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October 9, 2019

STUDENT ACADEMIC ACHIEVEMENT…What does “Student Progress” mean? How Much Student Progress is ENOUGH? + WHO is WINNING BIG for Students in BATON ROUGE?

I’m often irritated by how the local media covers education issues in Baton Rouge. It’s almost like our local newspaper is an extension of the East Baton Rouge Parish School System rather than a real source of information for parents and taxpayers. Recently, the Louisiana Department of Education released student progress data for all schools in Louisiana. Upon release of this data, the headline in the local paper was, Slightly more ‘top growth’ students in Baton Rouge area school districts, while state unchanged” . As a parent, voter and taxpayer, I simply want to understand:

What does “Student Progress” mean? How Much Student Progress is ENOUGH? + WHO is WINNING BIG for Students in BATON ROUGE? 

YOU TOO? Okay, here is my best explanation ☺

What does “Student Progress” mean?

The state of Louisiana’s accountability system measures not only where students ended up, but how much progress they made to get there. The new accountability system intends to give parents a more complete picture of student learning by marrying achievement data with progress (or growth) data.

Let me explain. To earn the new “top growth” label, a student merely needs to meet or exceed individual growth targets issued annually by the state or to outperform other students whom the state considers their peers in the classroom. In more clear terms, when students simply LEARN WHAT THEY ARE EXPECTED TO LEARN IN ONE YEAR, they are given the label “TOP GROWTH”. Kind of misleading huh? In my day when you learn what you should, it was just considered…NORMAL. My feelings of normalness aside, I do agree that it’s good to know which schools are “growing students” each year.

NOTE: Because the student progress measure considers where a student started–his or her prior achievement level–schools and school systems serving students who enter school with learning gaps can earn an ‘A’ in the progress measure for improving outcomes, even if students need time to reach full mastery. To be clear, Progress DOES NOT EQUAL Mastery.

How Much Student Progress is ENOUGH?

My opinion is that at least 75% of students in every school, in every school system should LEARN WHAT THEY ARE EXPECTED TO LEARN IN ONE YEAR. Nothing scientific about it. In East Baton Rouge Parish, where we are spending hundreds of millions of dollars and employing thousands of humans, it is not an unrealistic expectation that most students would meet or exceed individual growth targets. 

What percentage of students do you feel should LEARN WHAT THEY ARE EXPECTED TO LEARN IN ONE YEAR in East Baton Rouge Parish Schools?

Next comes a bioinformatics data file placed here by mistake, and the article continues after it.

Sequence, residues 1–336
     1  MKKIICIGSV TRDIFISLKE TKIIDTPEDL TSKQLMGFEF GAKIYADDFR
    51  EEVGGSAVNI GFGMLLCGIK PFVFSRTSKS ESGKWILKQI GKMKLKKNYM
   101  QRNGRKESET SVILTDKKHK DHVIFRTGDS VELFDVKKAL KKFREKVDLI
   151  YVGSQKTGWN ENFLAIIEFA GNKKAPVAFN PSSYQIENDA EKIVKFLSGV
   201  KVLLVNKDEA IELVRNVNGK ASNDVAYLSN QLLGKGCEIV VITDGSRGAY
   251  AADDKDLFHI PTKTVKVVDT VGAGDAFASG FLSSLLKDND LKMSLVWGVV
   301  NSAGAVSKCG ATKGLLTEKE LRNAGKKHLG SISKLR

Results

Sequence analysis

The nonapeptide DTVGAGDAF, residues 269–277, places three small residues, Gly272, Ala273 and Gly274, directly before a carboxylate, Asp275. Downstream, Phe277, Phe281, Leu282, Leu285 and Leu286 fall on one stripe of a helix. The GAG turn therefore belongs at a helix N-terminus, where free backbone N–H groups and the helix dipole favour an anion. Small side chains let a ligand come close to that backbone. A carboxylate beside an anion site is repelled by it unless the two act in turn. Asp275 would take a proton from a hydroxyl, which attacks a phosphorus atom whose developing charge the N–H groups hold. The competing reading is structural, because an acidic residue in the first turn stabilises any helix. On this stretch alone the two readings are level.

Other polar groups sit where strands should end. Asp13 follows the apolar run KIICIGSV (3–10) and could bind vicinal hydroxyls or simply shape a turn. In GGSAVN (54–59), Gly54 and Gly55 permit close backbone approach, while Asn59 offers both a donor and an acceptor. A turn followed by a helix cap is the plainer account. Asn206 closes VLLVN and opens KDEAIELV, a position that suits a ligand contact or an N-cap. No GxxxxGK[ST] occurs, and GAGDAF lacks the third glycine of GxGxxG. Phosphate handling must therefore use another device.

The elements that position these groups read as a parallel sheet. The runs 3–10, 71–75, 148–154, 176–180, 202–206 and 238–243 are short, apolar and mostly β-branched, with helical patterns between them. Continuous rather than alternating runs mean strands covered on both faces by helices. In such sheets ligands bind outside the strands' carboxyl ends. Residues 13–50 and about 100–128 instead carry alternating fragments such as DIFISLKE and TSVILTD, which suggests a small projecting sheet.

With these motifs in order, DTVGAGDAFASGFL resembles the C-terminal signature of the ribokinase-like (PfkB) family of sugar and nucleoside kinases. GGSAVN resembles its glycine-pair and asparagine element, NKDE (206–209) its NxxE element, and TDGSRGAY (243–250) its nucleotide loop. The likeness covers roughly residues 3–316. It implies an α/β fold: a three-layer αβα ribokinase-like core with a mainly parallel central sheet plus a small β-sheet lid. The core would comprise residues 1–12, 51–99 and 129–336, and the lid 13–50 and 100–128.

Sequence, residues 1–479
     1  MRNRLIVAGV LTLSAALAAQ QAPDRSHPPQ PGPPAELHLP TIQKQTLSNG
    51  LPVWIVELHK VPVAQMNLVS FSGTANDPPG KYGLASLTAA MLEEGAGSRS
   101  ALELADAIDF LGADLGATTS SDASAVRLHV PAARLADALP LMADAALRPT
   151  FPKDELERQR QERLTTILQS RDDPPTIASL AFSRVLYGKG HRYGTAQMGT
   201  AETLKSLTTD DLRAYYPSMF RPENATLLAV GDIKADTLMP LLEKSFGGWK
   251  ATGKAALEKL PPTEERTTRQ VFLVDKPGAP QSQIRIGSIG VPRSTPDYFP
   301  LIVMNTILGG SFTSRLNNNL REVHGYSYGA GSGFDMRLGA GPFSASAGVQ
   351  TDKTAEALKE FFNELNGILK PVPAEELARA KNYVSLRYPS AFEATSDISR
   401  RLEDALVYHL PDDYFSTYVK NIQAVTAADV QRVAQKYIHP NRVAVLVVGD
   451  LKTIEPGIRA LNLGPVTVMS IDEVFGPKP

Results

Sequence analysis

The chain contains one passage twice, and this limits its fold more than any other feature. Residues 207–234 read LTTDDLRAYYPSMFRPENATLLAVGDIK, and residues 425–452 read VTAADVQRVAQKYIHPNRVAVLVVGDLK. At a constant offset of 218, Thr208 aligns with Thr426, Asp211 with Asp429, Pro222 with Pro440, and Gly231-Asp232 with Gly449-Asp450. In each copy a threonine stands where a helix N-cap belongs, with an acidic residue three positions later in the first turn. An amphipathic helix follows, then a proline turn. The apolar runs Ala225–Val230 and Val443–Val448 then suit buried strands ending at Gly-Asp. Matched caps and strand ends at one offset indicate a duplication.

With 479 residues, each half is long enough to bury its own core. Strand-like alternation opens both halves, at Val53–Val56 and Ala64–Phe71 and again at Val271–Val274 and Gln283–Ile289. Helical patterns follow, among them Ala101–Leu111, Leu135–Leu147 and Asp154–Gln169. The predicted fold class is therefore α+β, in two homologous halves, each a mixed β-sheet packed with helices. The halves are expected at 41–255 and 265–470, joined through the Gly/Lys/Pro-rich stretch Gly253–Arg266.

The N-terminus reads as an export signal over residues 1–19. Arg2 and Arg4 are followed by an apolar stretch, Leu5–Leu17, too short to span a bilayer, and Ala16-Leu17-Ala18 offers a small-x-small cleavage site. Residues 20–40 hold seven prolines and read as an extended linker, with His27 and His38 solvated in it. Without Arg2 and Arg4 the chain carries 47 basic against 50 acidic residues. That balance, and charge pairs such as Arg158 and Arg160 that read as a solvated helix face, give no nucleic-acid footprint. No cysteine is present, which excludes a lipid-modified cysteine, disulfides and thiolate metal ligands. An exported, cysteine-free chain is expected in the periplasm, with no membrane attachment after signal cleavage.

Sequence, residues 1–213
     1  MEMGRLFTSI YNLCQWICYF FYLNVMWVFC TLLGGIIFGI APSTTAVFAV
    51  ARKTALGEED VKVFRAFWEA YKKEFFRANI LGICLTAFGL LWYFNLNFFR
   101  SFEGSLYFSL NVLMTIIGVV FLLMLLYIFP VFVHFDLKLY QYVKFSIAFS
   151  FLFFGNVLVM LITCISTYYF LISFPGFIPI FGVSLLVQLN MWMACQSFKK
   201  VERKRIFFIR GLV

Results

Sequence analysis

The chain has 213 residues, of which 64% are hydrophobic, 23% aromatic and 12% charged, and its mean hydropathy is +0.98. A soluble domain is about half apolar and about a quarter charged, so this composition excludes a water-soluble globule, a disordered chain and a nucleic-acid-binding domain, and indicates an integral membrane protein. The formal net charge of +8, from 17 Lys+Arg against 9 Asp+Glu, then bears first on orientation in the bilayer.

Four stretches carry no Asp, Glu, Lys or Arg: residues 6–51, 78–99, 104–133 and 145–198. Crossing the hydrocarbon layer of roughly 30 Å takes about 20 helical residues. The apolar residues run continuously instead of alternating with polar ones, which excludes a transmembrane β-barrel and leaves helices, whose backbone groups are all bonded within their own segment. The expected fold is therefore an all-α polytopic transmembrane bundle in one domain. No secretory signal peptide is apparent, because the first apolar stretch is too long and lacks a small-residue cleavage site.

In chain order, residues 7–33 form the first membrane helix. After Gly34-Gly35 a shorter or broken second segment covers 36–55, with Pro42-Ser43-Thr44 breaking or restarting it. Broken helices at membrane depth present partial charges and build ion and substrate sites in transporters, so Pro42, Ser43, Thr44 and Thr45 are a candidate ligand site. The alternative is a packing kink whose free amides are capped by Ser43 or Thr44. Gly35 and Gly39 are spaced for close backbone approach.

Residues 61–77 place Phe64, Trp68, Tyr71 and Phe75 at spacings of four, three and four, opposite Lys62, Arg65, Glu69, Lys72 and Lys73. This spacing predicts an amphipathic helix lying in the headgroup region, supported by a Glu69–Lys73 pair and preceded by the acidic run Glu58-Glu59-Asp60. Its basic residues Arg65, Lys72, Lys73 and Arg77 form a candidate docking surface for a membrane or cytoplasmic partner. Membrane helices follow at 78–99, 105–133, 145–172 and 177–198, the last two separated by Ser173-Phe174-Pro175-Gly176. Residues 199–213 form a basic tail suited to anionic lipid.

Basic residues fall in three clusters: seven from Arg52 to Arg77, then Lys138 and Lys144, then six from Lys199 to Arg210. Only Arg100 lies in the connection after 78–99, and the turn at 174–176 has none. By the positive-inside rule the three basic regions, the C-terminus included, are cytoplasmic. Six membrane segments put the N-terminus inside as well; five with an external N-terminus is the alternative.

Last school year, ONLY 48% of students in the East Baton Rouge Parish School System learned what they were expected to learn in English and ONLY 43% learned what they were expected to learn in Math.

This is a problem.


When looking through progress data, IDEA Innovation, a public charter school, stood out to me as an exemplar of growing students, especially Black and Latino students. At IDEA Innovation 78% of the students were “Top Growth” in Math and 62% in English. That’s compared to the 43% of students in EBR Schools achieving  “Top Growth” in Math and 48% in English.

IDEA Innovation started out as a Kindergarten through 4th and 6th through 8th grade campus with grade levels being added every year, until grades K – 12 are served. If I were a parent with children in this age range I would check them out TODAY!!! 


I have no doubt that there are more schools working hard to grow students. If you have examples, please share with us at . We would love to hear from you.


Louisiana Department of Education []

The Advocate []

Louisiana Elementary & Middle School Performance Data [ ]
Raymond Allmon
Raymond Allmon
Raymond is best known as Kris and Kaleb’s dad. He is a longtime proponent for education transformation and has been a resident of Baton Rouge, Louisiana for over 35 years. Raymond traces his fight for education back to his middle school years at Prescott Middle School. His path took him from Dougherty Drive (the street at the main entrance to Howell Park), to Prescott Middle, Scotlandville Magnet High School, Dillard University and Louisiana State University, where he graduated with a Bachelor’s Degree in Political Science and Mass Communications and Master’s Degree in Public Administration.

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